Exclusive First Read: Zadie Smith's 'NW'Read an exclusive excerpt from Zadie Smith's new novel, NW, a nuanced look at class issues in working-class north London. At the heart of the novel: what do those who've done well owe to those they've left behind?
The title of Zadie Smith's newest novel might be enigmatic for Americans.NWis short for northwest London — an area of particular racial and class diversity. It's the birthplace of the novel's two main characters, Leah Hanwell and Keisha Blake.
The two girls grew up together in a local housing project and were best friends in school. But life has taken them in different directions. Keisha, who renamed herself Natalie, became a lawyer and married into a wealthy family. She and her husband have a large house in "the posh bit" of northwest. Although Leah lives nearby, she has not enjoyed the same success. She works in a social services office; her French-African husband, Michel, is a hairdresser.
In this excerpt, Leah and Michel are preparing to attend a dinner party at Natalie's. Earlier in the novel a woman calling herself Shar had knocked on Leah's door asking for money. Leah gave it, but then felt she'd been scammed. After she confronted Shar on the street, a man on the phone threatened Leah. The excerpt picks up soon after the phone call.NW will be published Sept. 4.
LANGUAGE ADVISORY: This excerpt contains language some readers may find offensive.
On the way back from the chain supermarket where they shop, though it closed down the local grocer and pays slave wages, with new bags though they should take old bags, leaving with broccoli from Kenya and tomatoes from Chile and unfair coffee and sugary crap and the wrong newspaper.
They are not good people. They do not even have the integrity to be the sort of people who don't worry about being good people. They worry all the time. They are stuck in the middle again. They buy always Pinot Grigio or Chardonnay because these are the only words they know that relate to wine. They are attending a dinner party and for this you need to bring a bottle of wine. This much they have learned. They do not purchase ethical things because they can't afford them Michel claims and Leah says, no, it's because you can't be bothered. Privately she thinks: you want to be rich like them but you can't be bothered with their morals, whereas I am more interested in their morals than their money, and this thought, this opposition, makes her feel good. Marriage as the art of invidious comparison. And shit that's him in the phone box and if she had thought about it for more than a split second she would never have said:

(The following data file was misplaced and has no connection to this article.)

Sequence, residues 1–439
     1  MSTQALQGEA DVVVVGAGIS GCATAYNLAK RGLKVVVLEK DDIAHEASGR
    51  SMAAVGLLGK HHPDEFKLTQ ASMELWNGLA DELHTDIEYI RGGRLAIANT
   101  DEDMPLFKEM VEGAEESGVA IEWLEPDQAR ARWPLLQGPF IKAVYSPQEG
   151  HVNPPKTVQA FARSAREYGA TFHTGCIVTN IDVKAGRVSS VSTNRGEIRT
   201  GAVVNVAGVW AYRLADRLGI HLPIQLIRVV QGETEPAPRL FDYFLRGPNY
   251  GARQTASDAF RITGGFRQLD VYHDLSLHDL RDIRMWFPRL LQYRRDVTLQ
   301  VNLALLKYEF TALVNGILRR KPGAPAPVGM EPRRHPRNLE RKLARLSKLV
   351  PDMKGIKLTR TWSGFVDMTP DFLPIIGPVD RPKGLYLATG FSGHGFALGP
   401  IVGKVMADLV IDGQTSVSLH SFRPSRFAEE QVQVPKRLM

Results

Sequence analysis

— Shit that's him in the phone box.
— That's him?
— Yes, but — no, I don't know. No. I thought. Doesn't matter. Forget it.
Zadie Smith is the author of White Teeth and On Beauty, among other books.
Zadie Smith is the author of White Teeth and On Beauty, among other books.
— Leah, you just said it was him. Is it or isn't it?
Very quickly Michel is out of earshot and over there, squaring up for another invidious comparison: his compact, well-proportioned dancer's frame against a tall muscled threat, who turns, and turns out not to be Nathan, who is surely the other boy she saw with Shar, though maybe not. The cap, the hooded top, the low jeans, it's a uniform — they look the same. From where Leah stands anyway it is still all dumb show, hand gestures and primal frowns, and of course some awful potential news story that explains everything except the misery and the particulars: one youth knifed another youth, on Kilburn High Road. They had names and ages and it's terribly sad, an indictment of something or another and also not good for house prices. Leah cannot breathe for fear. She is running to catch up, Olive clattering along beside her, and while she runs she finds herself noticing something that should not matter: she looks older than both of them. The boy is a boy and Michel is a man but they look the same age.
— I don't know what you're chattin about bruv but you BEST NOT STEP TO ME.
— Michel — please. Leave it, please.
— Tell your mans to step back off me.
— Don't call my house again, OK? Leave my wife alone! You understand me?
— What the fuck are you chattin' about? You want some?